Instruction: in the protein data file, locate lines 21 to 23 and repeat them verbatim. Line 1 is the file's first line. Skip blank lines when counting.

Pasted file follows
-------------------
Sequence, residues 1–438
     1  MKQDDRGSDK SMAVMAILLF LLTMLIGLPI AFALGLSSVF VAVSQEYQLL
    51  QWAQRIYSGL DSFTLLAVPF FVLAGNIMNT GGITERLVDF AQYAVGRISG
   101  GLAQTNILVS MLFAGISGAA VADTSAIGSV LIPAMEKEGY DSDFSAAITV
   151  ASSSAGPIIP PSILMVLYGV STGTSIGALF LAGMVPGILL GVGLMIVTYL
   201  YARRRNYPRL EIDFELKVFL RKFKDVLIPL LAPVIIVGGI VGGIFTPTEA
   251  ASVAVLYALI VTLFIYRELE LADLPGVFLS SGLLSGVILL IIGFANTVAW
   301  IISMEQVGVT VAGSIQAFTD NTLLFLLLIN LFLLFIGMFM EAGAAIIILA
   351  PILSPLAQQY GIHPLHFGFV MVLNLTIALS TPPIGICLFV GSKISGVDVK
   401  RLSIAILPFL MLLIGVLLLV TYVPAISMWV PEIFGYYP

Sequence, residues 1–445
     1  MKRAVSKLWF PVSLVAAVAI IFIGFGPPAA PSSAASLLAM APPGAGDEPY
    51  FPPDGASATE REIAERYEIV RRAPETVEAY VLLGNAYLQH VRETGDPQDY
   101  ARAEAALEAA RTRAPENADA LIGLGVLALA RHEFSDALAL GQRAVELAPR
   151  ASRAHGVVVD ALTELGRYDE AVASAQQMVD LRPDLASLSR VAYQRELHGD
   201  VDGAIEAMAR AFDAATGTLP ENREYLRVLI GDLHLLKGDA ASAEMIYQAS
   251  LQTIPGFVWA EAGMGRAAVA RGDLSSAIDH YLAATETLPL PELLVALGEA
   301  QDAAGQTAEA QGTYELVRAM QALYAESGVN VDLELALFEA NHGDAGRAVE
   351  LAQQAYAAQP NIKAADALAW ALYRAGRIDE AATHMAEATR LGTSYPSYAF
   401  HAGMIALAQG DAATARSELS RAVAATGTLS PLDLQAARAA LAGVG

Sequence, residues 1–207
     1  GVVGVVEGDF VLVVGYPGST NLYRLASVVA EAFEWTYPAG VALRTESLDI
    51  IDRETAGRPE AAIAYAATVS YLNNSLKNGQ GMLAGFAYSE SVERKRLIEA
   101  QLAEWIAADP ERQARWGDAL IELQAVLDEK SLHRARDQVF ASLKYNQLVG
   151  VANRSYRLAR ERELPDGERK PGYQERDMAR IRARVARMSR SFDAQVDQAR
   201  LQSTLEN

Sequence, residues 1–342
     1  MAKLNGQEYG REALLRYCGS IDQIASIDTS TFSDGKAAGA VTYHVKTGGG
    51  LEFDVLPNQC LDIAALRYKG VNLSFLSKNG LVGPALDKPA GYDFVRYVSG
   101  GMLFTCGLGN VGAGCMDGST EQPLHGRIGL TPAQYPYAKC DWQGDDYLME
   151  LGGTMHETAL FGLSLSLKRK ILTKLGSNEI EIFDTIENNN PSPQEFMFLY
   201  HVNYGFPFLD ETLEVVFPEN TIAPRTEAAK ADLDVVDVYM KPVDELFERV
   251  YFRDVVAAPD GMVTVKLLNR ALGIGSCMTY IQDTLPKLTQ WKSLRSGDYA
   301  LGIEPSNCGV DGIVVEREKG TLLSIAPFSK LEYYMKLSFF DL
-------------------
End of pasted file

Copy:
Sequence, residues 1–207
     1  GVVGVVEGDF VLVVGYPGST NLYRLASVVA EAFEWTYPAG VALRTESLDI
    51  IDRETAGRPE AAIAYAATVS YLNNSLKNGQ GMLAGFAYSE SVERKRLIEA